“Different from” contrasts things.
“Different than” contrasts clauses.
“Different from” contrasts two nouns or pronouns.
“Contrast” is not the same as “compare.” When we compare two things, we look for similarities. Comparative adjectives use “more … than” or “less … than” or the “-er” form of an adjective plus “than.”
When we contrast two things, we look for differences, how the two items differ. While “different” is an adjective, it is not used for comparison. “Different” is “different,” not “more different” or “less different.” Instead of “than,” use “from” to explain how one item differs from another, how the first is different from the second. “Different from” would be followed by a noun or an pronoun.
Examples of contrasting things:
- The weather today is different from yesterday. Yesterday was sunny; today a blizzard is blowing.
- A blizzard is different from a thunderstorm storm. The blizzard is worse because it’s colder.
- An oak tree is different from an elm tree. It’s stronger and lives longer.
- A semicolon is different from a colon. It’s more like a comma.
“Different than” contrasts two clauses, an independent clause and a dependent clause beginning with “than.”
“Than” combines two clauses. Sometimes in informal conversation, the dependent verb is omitted, but both speaker and listener understand it to be part of the sentence. Or the subject may be left out, making the reference more general.
Examples of contrasting clauses:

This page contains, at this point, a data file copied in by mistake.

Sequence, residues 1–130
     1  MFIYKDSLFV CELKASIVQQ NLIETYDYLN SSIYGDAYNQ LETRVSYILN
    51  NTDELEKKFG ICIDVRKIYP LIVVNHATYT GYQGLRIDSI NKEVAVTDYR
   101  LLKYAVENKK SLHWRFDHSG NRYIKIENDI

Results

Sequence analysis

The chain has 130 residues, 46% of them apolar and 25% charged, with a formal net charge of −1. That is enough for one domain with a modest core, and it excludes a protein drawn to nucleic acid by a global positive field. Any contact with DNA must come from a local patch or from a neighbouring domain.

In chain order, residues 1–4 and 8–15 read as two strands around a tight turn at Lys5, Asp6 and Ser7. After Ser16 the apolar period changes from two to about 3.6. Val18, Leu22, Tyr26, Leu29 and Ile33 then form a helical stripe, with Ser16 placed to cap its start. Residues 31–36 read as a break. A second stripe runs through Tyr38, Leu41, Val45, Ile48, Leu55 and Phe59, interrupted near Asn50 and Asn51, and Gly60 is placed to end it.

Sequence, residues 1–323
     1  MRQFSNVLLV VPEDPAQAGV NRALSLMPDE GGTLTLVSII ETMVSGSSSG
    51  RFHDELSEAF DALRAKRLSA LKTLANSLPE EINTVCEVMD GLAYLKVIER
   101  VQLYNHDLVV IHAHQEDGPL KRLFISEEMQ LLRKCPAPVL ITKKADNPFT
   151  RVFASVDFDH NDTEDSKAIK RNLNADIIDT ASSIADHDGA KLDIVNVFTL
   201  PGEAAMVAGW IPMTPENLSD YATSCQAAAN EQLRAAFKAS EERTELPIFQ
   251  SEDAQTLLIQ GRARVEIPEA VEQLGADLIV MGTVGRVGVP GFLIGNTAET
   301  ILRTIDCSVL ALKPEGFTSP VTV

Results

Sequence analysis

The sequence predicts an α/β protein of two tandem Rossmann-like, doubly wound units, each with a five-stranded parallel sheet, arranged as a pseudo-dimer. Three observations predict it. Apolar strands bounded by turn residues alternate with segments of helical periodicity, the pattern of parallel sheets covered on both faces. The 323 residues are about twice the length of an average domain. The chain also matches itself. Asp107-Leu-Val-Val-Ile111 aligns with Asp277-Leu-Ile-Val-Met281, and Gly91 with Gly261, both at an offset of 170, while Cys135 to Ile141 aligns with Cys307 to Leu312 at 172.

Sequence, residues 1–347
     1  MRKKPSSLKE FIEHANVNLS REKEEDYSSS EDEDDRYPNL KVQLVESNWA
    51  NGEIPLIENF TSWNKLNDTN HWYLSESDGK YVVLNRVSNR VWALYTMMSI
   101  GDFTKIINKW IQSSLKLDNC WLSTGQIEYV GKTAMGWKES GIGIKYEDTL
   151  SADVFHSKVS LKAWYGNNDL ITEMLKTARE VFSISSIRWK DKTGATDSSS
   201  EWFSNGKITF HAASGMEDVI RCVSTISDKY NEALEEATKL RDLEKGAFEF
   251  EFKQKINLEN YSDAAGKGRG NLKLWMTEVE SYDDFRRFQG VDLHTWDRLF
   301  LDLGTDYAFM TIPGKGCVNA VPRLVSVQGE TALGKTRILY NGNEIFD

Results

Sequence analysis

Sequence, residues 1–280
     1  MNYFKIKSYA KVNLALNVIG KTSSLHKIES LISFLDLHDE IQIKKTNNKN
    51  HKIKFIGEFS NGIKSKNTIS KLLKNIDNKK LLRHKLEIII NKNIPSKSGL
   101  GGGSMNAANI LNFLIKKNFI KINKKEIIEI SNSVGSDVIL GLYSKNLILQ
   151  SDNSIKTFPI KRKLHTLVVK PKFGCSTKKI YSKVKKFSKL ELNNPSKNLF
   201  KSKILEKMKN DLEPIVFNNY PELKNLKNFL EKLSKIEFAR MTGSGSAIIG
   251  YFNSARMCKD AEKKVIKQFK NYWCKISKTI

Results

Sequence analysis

- The test was different than he expected.
- (Independent clause = “The test was different,” dependent clause = “than he expected.)
- The test was different than expected.
- (Subject left out = no reference to exactly who expected the test not to be different.)
- The conference was different than it was last year. The speakers were better.
- (Independent clause = “The conference was different,” dependent clause = “than it was last year.”)
- The conference was different than last year. The speakers were better.
- (Both the subject [“it”] and the verb [“was”] have been omitted.)
- My sister dies her hair a different color than I do.
- (Independent clause = “My sister dies her hair,” dependent clause = “than I [do.]”)
- My sister dies her hair a different color than I.
- (Verb [do] omitted.)
- (“Me” is not correct in this situation. Since the verb [do] is understood to be part of the sentence, the pronoun should be the subject.)
Because people do not always speak in a grammatically correct manner, misuse of the pronoun or using “than” or “from” incorrectly is acceptable in dialogue. The narrative or formal writing should follow the rules, so the reader knows the difference.